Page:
His performance against South Dakota was his second career double-double, with his first coming against New Hope last year when he had 12 points and 17 rebounds, as well as his previous career high for assists with four. He had 10 double figure scoring performance and seven with at least 10 rebounds in the 2010-11 season.
Eagles Continue to Climb Three-Point and Free Throw Career Lists
A pair of Eagles already rank in the top 10 on several Eastern season and career lists. Junior Jeffrey Forbes has 131 3-pointers made in his career to rank fourth, his 329 attempts are fourth and his .389 percentage ranks 11th. Fellow junior Kevin Winford has 105 makes to rank sixth and his 308 attempts are eighth, and the .392 percentage by Cliff Colimon ranks ninth.
Those players has also been impressive from the free throw line in their careers. Forbes, in fact, set a single season school record for free throw percentage (.900, 54-of-60) in the 2010-11 season, just ahead of the previous record of .899 set by Darren Cooper in 2001-02). In his career, Forbes has made what would be a school record at 87.1 percent (122-of-140), but he is 14 attempts shy to meet the minimum of two free throw attempts per game. Winford’s 85.3 percent (58-of-68) also exceeds the school record, but he also does not meet the minimums (he has 68 and would need 146). Currently with the school record is the 84.9 percent performance of Eastern Athletics Hall of Fame member Dick Edwards (1953-55). Colimon has made 78.6 percent in his career (81-of-103) and is inching toward the No. 10 position (79.0 percent).
Blocked Shots Totals High Too
With 120 blocked shots for the 2010-11 season, Eastern finished only 10 blocked shots away from the school record of 130 set in 2006. A trio of current Eastern players recorded three of the top 11 single season performances in school history including Tremayne Johnson (35, third), Cliff Ederaine (34, tied for fourth) and Laron Griffin (28, tied for 11th).
In their careers thus far, Griffin ranks fifth in school history with 58, just one from equaling the fourth position. Ederaine (52) is seventh and Johnson (47) is now eighth.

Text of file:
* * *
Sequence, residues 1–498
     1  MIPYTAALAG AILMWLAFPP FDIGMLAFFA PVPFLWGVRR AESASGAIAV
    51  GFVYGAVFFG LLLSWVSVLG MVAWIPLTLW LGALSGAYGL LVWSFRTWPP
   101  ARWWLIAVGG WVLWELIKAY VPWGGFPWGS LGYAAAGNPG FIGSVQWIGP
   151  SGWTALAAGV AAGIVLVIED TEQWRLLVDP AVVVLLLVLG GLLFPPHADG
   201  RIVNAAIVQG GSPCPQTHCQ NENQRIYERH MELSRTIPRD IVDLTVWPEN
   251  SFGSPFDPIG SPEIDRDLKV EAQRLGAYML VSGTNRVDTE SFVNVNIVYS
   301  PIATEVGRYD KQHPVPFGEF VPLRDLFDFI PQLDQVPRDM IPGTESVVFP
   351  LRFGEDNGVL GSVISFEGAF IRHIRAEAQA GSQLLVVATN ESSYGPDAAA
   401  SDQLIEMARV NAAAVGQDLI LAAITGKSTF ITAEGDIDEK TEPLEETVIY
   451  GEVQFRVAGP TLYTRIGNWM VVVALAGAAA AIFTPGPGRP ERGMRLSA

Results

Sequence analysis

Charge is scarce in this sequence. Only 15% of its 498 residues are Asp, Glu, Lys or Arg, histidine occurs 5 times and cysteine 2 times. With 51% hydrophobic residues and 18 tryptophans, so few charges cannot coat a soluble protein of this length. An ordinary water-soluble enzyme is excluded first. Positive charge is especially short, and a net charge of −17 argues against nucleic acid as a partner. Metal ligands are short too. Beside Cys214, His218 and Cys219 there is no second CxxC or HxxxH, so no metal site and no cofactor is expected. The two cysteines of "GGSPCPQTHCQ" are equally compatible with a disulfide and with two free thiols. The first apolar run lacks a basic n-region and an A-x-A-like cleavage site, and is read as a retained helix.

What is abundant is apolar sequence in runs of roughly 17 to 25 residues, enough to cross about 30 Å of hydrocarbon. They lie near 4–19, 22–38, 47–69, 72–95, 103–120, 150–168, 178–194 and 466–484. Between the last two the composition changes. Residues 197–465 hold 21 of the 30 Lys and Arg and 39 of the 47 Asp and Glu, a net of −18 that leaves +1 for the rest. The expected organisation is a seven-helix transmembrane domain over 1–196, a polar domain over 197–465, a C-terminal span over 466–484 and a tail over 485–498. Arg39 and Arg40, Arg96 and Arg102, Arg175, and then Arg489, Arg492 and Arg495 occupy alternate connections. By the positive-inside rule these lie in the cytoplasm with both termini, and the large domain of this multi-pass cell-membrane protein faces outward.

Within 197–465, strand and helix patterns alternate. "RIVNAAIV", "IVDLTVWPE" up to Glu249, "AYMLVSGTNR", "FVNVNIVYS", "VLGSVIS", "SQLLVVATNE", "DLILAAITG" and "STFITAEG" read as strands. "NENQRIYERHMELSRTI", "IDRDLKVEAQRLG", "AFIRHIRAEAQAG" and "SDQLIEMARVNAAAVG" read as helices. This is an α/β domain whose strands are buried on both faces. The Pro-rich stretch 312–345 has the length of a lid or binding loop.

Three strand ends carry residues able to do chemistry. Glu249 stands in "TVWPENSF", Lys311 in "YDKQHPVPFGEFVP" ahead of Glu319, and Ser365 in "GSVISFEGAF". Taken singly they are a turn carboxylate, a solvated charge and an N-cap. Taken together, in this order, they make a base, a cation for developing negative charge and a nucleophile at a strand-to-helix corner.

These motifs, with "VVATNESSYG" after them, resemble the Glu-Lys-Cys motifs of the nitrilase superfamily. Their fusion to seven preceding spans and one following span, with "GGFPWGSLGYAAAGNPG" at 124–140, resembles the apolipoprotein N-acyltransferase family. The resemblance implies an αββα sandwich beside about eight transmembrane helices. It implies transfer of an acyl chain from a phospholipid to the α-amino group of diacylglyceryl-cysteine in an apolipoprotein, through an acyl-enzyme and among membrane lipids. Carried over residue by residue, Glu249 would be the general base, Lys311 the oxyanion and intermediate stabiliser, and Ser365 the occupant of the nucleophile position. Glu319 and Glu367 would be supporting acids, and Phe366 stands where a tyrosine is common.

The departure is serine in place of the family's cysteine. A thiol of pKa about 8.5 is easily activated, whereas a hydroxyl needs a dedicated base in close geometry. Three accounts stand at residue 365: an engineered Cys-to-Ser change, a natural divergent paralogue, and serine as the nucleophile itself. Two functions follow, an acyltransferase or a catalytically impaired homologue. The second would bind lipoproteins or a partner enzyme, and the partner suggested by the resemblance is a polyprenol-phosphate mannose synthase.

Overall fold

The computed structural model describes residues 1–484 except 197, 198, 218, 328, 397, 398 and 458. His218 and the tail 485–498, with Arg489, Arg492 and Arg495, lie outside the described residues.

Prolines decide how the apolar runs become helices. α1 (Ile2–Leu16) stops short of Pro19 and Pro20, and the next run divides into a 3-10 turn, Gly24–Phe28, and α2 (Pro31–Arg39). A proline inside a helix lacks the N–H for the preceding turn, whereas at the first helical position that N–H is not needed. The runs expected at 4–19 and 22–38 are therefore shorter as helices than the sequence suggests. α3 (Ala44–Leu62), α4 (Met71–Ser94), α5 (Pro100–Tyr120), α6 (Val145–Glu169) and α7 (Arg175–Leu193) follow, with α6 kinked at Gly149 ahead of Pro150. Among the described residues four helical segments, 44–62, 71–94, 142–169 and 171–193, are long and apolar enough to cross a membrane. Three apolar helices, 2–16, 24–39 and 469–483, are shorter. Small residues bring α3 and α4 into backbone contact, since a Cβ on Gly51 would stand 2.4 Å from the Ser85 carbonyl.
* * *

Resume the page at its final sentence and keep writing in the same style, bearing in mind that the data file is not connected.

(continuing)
Tongue-Lashing Keeps Winford Out of UCLA and PLU Games
In a tongue-lashing of a rare kind, junior guard Kevin Winford had to sit out the UCLA game on Dec. 14 and the Pacific Lutheran game two days later because of a swollen tongue. Winford bit his tongue in EWU’s game at Cal State Fullerton on Dec. 11, then spent two days in a California hospital – some of it in intensive care -- because of an inordinate degree of swelling. He returning to play sparingly – just one minute -- against Saint Mary’s on Dec. 20.
Because he is Eastern’s backup point guard, starter Cliff Colimon was forced to play all 40 minutes against UCLA because of the absence of Winford. A 2008 graduate of Bartlett High School in Anchorage, Alaska, Winford is only averaging 11.1 minutes per game this season, and is averaging 2.2 points per game on 5-of-15 shooting from beyond the 3-point arc. But the 5-foot-11 academic All-America nominee provided the play of the game in Eastern’s 104-54 victory over Linfield on Dec. 8.
“The best play of the night was Kevin’s drive and dunk down the lane – that was pretty emphatic,” Eastern head coach Jim Hayford said. “He’s a very athletic player and we want him to show it. That was an example of it. He’s just a great young man – a tremendous student and a great leader. He’s a business major, and some business will be really glad to hire him some day. I just think the world of him. I promise you he’ll be showing his grandkids that dunk someday.”
Kevin Winford poured in 39 points -- including a school-record 10 3-pointers -- in Eastern’s overwhelming 112-41 non-conference victory over New Hope Christian College on Dec. 4. En route to the fifth-best scoring night in school history against New Hope, Winford broke the school record of nine treys he set just a week earlier against Idaho on Nov. 27. As a team, the Eagles broke the school record for made 3-pointers (18) and three pointers attempted (43), and tied the mark for field goals made in a game with 45. Previous records were 16 3-pointers versus Cascade on Dec. 14, 2007; 38 attempts versus Nevada on Feb. 14, 1991; and 45 field goals made against U.S. International on Feb. 2, 1991.